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Evening Standard
Evening Standard
Ross Lydall

Most drivers hit with £180 Ulez fine since expansion have failed to pay it

Seven in 10 drivers issued with a Ulez penalty charge since the zone expanded have failed to pay the £180 fine, Transport for London revealed on Tuesday.

TfL said almost a million fines were “outstanding” – or unpaid after a month – leaving it owed £218,316,553.

One motorist has clocked up 200 fines and owes TfL £47,682. Drivers who have failed to pay the £12.50-a-day levy have received an average of 12 fines.

The figures, published in a freedom of information response, came as TfL commissioner Andy Lord predicted that the Londonwide Ulez would deliver “very significant” improvements to air quality.

He suggested that the first analysis of the impact of the Ulez expansion on roadside pollution – which is due next month - would justify Sadiq Khan’s decision to widen the zone across Greater London last August.

He also denied that the mayor and TfL were engaged in a “war on the motorist”, despite the expanded zone having generated more than £160m in levies and fines by April and being seen by some Londoners as a “tax on drivers”.

Speaking to the Transit Unplugged podcast, Mr Lord said: “There will be a report in the next month or so which will show, six months on, what the impacts and benefits have been of the ultra-low emission zone expansion.

“We are expecting it to be very significant. We already know from our own data that the number of compliant vehicles has increased, and therefore by default the air quality should have improved.

“We have seen some congestion improvements as well. Some people will say this is us having a ‘war on the motorist’. It absolutely isn’t. It’s around improving air quality. At the same time, if it delivers some traffic easing, that’s great.”

Prior to giving the go-ahead for the Ulez expansion, Mr Khan had been warned by the independent consultancy Jacobs that the benefits of the Londonwide zone were likely to be negligible.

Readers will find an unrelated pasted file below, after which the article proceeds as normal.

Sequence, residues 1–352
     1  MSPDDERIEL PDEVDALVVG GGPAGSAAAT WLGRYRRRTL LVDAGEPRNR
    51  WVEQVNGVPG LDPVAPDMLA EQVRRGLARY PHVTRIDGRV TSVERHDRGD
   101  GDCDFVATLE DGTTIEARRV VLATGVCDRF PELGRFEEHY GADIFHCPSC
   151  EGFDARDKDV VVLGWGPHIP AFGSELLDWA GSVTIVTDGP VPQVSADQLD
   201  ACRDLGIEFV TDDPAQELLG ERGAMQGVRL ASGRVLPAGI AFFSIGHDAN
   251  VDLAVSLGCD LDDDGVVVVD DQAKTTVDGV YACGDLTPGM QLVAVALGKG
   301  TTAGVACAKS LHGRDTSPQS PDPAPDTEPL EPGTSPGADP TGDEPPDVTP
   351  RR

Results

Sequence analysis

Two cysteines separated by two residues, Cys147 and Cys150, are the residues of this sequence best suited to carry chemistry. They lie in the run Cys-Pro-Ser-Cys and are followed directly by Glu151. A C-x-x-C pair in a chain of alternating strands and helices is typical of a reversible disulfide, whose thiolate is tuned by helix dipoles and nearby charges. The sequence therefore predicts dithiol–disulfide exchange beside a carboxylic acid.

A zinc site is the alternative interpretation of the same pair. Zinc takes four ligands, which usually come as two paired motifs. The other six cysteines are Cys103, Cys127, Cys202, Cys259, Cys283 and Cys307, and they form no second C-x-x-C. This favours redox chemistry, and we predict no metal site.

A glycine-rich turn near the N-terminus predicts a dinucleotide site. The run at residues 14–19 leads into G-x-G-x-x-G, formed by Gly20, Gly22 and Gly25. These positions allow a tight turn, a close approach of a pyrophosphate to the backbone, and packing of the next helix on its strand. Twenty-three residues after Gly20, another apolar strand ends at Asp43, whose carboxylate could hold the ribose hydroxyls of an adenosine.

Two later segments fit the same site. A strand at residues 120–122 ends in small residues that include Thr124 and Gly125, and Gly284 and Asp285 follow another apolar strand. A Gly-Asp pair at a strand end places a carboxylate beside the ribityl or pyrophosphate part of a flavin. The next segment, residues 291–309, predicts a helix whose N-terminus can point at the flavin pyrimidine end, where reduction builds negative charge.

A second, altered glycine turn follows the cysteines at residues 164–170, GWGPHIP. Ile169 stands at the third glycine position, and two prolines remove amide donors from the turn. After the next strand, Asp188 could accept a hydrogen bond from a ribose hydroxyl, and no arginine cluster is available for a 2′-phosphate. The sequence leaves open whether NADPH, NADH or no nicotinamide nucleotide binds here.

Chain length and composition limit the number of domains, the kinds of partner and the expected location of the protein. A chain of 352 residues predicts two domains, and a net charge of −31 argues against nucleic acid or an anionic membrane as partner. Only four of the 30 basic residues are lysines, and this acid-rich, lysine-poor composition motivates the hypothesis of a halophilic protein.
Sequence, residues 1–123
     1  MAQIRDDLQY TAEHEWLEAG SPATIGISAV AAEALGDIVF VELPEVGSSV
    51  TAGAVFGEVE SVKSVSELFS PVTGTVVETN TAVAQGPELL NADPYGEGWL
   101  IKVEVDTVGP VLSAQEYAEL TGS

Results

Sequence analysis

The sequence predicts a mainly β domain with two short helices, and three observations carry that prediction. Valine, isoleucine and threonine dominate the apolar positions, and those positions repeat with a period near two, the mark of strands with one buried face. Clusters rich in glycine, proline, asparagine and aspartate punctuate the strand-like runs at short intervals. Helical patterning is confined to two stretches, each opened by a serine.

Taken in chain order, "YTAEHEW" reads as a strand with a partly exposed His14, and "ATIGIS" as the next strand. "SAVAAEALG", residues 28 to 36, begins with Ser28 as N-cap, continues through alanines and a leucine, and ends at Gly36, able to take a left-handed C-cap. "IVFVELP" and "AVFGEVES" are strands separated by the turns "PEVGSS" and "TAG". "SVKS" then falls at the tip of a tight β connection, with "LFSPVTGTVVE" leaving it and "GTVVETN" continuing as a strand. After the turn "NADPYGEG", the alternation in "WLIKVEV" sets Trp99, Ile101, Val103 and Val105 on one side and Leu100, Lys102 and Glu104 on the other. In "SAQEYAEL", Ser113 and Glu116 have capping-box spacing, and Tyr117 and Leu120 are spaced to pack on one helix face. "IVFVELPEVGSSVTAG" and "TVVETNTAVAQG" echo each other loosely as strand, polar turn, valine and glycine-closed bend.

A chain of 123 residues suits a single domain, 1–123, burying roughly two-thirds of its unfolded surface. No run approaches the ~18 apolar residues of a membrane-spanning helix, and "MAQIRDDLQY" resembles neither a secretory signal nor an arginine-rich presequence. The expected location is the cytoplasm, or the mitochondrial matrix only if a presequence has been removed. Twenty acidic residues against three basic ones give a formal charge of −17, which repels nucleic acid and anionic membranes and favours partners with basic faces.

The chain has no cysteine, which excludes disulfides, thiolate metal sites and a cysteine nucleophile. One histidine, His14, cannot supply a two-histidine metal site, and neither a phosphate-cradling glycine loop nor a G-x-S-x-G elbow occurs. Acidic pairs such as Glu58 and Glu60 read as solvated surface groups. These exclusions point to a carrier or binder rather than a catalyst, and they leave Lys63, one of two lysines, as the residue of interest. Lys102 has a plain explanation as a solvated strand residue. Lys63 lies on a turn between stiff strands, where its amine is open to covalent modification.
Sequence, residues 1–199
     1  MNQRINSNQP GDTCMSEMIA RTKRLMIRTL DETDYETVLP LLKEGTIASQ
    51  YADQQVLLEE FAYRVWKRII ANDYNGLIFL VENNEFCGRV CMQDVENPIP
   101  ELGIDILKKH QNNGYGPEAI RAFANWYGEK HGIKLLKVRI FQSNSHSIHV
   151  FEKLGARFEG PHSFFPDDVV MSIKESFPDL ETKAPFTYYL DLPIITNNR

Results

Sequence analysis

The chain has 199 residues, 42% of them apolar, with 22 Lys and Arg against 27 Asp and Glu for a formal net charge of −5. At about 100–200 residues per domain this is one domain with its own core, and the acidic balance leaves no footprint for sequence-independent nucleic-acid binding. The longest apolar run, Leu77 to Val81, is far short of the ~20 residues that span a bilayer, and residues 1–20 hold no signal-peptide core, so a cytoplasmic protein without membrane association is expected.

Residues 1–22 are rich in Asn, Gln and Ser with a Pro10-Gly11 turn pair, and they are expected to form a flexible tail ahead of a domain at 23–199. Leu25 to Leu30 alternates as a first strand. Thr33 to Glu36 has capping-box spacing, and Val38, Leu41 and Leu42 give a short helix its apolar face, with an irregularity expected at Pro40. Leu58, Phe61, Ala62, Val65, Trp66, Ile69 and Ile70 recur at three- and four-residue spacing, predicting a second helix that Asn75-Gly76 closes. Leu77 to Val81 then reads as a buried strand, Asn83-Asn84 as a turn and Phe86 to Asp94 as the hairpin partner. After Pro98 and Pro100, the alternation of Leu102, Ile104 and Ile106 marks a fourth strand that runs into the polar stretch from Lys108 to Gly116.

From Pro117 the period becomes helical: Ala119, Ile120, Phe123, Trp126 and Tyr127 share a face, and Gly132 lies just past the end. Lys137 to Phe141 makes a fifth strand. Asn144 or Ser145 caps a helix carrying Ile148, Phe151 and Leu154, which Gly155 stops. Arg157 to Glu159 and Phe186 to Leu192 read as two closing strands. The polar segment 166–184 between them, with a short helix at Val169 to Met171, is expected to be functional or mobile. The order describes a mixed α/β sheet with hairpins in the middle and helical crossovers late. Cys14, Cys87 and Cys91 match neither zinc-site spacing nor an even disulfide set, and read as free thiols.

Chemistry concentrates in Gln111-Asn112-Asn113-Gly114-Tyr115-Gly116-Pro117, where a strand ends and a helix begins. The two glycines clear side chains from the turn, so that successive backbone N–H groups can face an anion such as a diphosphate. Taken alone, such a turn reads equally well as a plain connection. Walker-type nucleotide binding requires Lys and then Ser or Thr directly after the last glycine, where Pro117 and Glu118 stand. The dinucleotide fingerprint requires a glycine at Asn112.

Only a “moderate” positive impact on nitrogen dioxide road traffic emissions was predicted, alongside a “minor” positive impact on PM particulate emissions, leading overall to a “minor positive impact” on Londoners’ health, Jacobs said.

TfL revealed it had issued 1,348,938 Ulez fines between September 26 last year and April 26. Of these, 282,448 have been paid, raising £43.8m of income, but that number is expected to increase over time. A total of 974,590 tickets are classed as “outstanding”.

Drivers have 28 days to pay – and get a 50 per cent discount if they pay within 14 days. The bill increases to £270 after 28 days.

Net revenue raised from Ulez levies and fines is reinvested in London’s public transport network. The Ulez is projected to stop making a surplus by 2026/2027 as drivers switch to compliant vehicles.

Prior to the expansion of the zone to the Greater London boundary, 42.8 per cent of Ulez fines went unpaid – more than 1.8m fines.

TfL has yet to update its Ulez vehicle compliance figures for 2024. By last December, an average of 95.8 per cent of vehicles spotted by the zone’s cameras complied with the exhaust emission rules and thus were not liable for the £12.50 levy. This included 96.7 per cent of cars but only 87.8 per cent of vans.

A TfL spokesperson said: “The Ulez is not about making money. It will lead to cleaner air while generating ever smaller net revenues, as has been the case with the previous expansion to inner London where people switched to greener vehicles.

“We encourage all PCN [penalty charge notice] recipients to engage with us, particularly if they are struggling with any difficulties or hardship. Unpaid PCNs are passed on to our debt recovery services and can lead to further action.”

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